Bagg did not live long to savour his triumph over Mohun. He may have been seriously ill by 11 June 1638, on which date the newly appointed lord high admiral, Algernon Percy*, 10th earl of Northumberland, agreed to allow him to hold the post of vice-admiral of South Cornwall jointly with his son George. Certainly he was confined to bed by mid-August.99 He died of the stone on 26 Aug. at his house in Queen Street, reportedly owing £60,000, and was buried in the church of St. Martin-in-the-Fields. Following his death his estate was extended by the Crown, presumably in connection with his Vice-Admiralty accounts.100 He was succeeded by his son George who, being a minor, was not permitted to retain office. None of Bagg’s descendants sat in Parliament.
Ref Volumes: 1604-1629
Author: Andrew Thrush
- 1. Vivian, Vis. Devon, 34; Index to English Speaking students at Leyden Univ. ed. C. Peacock (Index Soc. xiii), 5; Shaw, Knights of Eng. ii. 189.
- 2. CSP Dom. 1611-18, p. 235; E351/624.
- 3. C181/3, ff. 2, 113, 195v;
- 4. HCA 30/820/10; HCA 25/215, bdle. of warrants 1619-44; CSP Dom. 1637-8, pp. 362-3.
- 5. Add. 37816, f. 183v; HCA 30/849, f. 395.
- 6. CSP Dom. 1619-23, p. 612.
- 7. HMC Cowper, i. 193; Bodl. Rawl. A210, ff. 11, 13-14, 16, 20, 27.
- 8. CSP Dom. 1625-6, p. 116; 1628-9, p. 282.
- 9. A. Thrush, ‘The Bottomless Bagg? Sir James Bagg and the Navy, 1623-8’, The New Maritime Hist. of Devon, I ed. M. Duffy et al. 115.
- 10. CSP Dom. 1625-6, p. 511.
- 11. C193/8/56.
- 12. APC, 1627-8, p. 79; CSP Dom. 1627-8, pp. 384, 394; SP16/103/1.
- 13. H. Hulme, Life of Sir John Eliot, 153-4; CSP Dom. 1625-6, p. 445; J. Forster, Eliot, ii. 32-3, 36.
- 14. C231/4, f. 207; 231/5, p. 301.
- 15. Harl. 3796, ff. 30-1; CSP Dom. 1638-9, p. 3.
- 16. CSP Dom. 1627-8, pp. 316, 349.
- 17. T. Rymer, Foedera, viii. pt. 2, p.144.
- 18. APC, 1628-9, p. 208.
- 19. HCA 14/44, f. 86.
- 20. CSP Dom. 1629-31, p. 19.
- 21. Ibid. 1628-9, p. 526; 1638-9, p. 3.
- 22. E101/668/12.
- 23. E306/12, pt. 2, ff. 14v, 21v.
- 24. PC2/45, f. 419.
- 25. E306/12, pt. 2, pkt. 22, no. 33; pkt. 25, no. 9.
- 26. HCA 30/849, f. 395.
- 27. Recs. Virg. Co. ed. S.M. Kingsbury, i. 383; iv. 80.
- 28. Procs. American Antiq. Soc. (1867), p. 107.
- 29. [footnote]
- 30. Thrush, ‘Bottomless Bagg?’, 114-15; A. Thrush, ‘The Navy under Charles I, 1625-40’ (Univ. London Ph.D. thesis, 1990), pp. 265-73.
- 31. E134/12Jas.I/Mich.40, deposition of Walter Carfeete, 13 Sept. 1614; E190/1023/16, 18.
- 32. For the 1619 draft commn. see HCA 1/32/1, f. 27v. For the completed commn. see C181/2, f. 348.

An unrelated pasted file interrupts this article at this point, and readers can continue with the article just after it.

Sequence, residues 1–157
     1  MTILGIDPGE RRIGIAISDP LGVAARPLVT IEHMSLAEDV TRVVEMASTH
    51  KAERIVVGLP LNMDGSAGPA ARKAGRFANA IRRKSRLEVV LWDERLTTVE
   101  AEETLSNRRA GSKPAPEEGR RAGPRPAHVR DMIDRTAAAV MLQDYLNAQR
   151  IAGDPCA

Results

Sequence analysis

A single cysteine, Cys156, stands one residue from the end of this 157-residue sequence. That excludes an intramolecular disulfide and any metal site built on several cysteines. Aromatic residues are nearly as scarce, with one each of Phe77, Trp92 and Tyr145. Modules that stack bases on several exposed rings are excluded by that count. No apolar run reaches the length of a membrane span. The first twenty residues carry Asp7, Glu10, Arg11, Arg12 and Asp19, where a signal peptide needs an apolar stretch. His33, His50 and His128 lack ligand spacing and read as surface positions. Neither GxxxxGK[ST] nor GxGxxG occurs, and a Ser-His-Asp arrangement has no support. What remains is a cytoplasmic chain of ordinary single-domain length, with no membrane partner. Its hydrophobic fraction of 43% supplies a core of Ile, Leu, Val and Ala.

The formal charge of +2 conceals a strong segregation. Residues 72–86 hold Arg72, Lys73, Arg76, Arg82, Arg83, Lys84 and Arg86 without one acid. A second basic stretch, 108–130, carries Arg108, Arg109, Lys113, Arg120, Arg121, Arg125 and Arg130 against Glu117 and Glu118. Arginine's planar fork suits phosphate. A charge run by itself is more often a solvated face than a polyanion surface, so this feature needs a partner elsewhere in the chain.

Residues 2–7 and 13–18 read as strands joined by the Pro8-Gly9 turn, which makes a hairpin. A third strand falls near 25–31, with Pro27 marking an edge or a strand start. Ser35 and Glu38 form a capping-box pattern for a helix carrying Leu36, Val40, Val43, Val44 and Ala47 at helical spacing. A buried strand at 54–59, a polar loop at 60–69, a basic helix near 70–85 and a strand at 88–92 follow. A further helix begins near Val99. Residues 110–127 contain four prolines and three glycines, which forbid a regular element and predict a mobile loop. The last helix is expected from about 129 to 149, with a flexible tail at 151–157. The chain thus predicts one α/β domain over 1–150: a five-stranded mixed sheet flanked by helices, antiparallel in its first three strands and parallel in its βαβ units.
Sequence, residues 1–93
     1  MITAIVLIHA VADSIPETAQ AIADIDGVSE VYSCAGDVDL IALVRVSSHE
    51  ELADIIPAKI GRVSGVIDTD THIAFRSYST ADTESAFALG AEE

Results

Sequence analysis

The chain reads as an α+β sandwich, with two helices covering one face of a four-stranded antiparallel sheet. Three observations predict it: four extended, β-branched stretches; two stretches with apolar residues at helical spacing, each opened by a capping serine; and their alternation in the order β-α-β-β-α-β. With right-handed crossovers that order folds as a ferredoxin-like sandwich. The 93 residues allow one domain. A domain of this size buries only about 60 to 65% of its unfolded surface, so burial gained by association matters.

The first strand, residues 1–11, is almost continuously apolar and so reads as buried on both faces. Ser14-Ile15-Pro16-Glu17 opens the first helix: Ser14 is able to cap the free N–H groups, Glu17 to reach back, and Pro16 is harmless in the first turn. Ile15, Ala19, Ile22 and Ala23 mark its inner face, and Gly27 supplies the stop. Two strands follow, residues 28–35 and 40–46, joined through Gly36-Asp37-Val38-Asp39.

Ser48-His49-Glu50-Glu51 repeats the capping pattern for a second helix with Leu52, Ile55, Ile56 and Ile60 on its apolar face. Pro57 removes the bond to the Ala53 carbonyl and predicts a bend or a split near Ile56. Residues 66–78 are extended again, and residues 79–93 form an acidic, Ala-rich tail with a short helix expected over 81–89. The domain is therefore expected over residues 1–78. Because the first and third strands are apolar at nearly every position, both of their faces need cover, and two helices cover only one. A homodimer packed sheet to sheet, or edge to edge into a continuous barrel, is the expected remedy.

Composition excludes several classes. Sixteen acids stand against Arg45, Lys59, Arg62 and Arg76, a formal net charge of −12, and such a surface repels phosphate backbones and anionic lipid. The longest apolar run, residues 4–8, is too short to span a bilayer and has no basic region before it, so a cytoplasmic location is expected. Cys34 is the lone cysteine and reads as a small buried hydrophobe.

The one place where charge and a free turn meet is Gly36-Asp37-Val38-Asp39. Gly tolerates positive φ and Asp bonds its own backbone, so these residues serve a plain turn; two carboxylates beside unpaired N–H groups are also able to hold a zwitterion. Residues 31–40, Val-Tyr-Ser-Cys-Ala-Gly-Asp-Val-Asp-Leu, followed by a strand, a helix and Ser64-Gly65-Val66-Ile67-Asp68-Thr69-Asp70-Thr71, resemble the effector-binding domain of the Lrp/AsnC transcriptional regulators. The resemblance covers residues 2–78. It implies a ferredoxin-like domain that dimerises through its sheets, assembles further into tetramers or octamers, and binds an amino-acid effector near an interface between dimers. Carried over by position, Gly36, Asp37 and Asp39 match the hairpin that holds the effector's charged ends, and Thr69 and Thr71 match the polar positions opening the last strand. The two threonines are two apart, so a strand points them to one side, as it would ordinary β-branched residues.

- 33. APC, 1619-21, p. 193.
- 34. C219/37/52.
- 35. CJ, i. 611b.
- 36. Add. 64878, f. 31.
- 37. Harl. 1580, f. 120v.
- 38. Thrush, ‘Bottomless Bagg?’, 114.
- 39. SP14/147/3, 83.
- 40. Roy. Inst. of Cornw., BRA.B/328/3. We are grateful to James Derriman for this ref.
- 41. CJ, i. 689b; C.R. Kyle, ‘Attendance Lists’, PPE 1604-48 ed. Kyle, 218.
- 42. HMC Cowper, i. 168, 173.
- 43. Ibid. 179.
- 44. SP14/185/80, 89.
- 45. HMC Cowper, i. 190.
- 46. Add. 64883, f. 44.
- 47. EAST LOOE.
- 48. Procs. 1625, p. 719.
- 49. HMC Cowper, i. 203.
- 50. Diary of Walter Yonge ed. G. Roberts (Cam. Soc. xli), 89.
- 51. For a detailed discussion of this point, see Thrush, ‘Navy under Charles I’, 296-8.
- 52. SP16/12/22.
- 53. HMC Cowper, i. 234; CSP Dom. 1625-6, p. 176.
- 54. Add. 69901, ff. 69, 71.
- 55. Thrush, ‘Bottomless Bagg?’, 114.
- 56. SO3/8, unfol.
- 57. Procs. 1626, ii. 86, 89, 93, 163, 166.
- 58. N and Q (ser. 4), x. 325-6.
- 59. Procs. 1626, ii. 216, 370.
- 60. Ibid. iii. 40.
- 61. Ibid. 163.
- 62. Forster, ii. 6-7, 10.
- 63. Ibid. 36; CSP Dom. 1627-8, p. 316. For Bagg’s description of Eliot as a villain, see CSP Dom. 1625-6, pp. 435, 456.
- 64. CSP Dom. 1625-6, pp. 455-6; 1626-7, p. 473; JOHN MOHUN.
- 65. Add. 37817, ff. 28v-9, 36r-v.
- 66. CSP Dom. 1627-8, pp. 283, 299.
- 67. SP16/79/62.
- 68. SP16/82/58.
- 69. SP16/81/59.
- 70. CSP Dom. 1627-8, p. 444; Add. 37817, ff. 138, 144v, 146.
- 71. Add. 37817, f. 161v.
- 72. SP16/90/66, 122; 16/91/35.
- 73. SP16/90/6.
- 74. SP16/94/42.
- 75. SP16/96/36.
- 76. SP16/91/35.
- 77. SP16/96/38.
- 78. Procs. 1628, vi. 139.
- 79. Ibid. 138-9.
- 80. Ibid. 140.
- 81. Ibid. 64, 140, 209; CD 1628, ii. 365.
- 82. Procs. 1628, vi. 206.
- 83. Ibid. 210.
- 84. CD 1628, iii. 392; DWL, Morrice ms 37.J, p. 36.
- 85. Eg. 2552, f. 30v.
- 86. CSP Dom. 1628-9, p. 121.
- 87. SP16/107/100.
- 88. CSP Dom. 1628-9, pp. 273, 314, 322.
- 89. R. Lockyer, Buckingham, 457. For his presence in London on 22 Sept., see CSP Dom. 1628-9, p. 336.
- 90. CSP Dom. 1628-9, pp. 370, 478.
- 91. CSP Dom. Addenda, 1625-49, p. 359; SP16/170/50. For a detailed discussion of Bagg’s willingness to act without waiting for written permission, see Thrush, ‘Bottomless Bagg?’ 116.
- 92. AO1/1798/372; E403/1743, unfol., payments of 21 and 25 Jan. 1631; 403/1744, unfol., payment of 7 May 1631; 403/1745, unfol., payment of 31 Mar. 1632; 403/1746, unfol., payment of 23 Aug. 1632.
- 93. C115/106/8392.
- 94. CSP Dom. 1635, p. 277.
- 95. CSP Dom. 1633-4, p. 356; 1635, p. 277; 1635-6, p. 239; HCA 49/106, pkt. B, no. 3.
- 96. CCC, 1362.
- 97. Strafforde Letters (1739) ed. W. Knowler, i. 337, 489; CSP Dom. 1635, pp. 445-6.
- 98. Thrush, ‘Navy under Charles I’, 265-70; Thrush, ‘Bottomless Bagg?’, 115; Bodl. Rawl. C827, ff. 76v-84.
- 99. CSP Dom. 1637-8, p. 591.
- 100. Ibid. 1638-9, p. 158; C115/109/8822; D. Lysons, Devon, 412.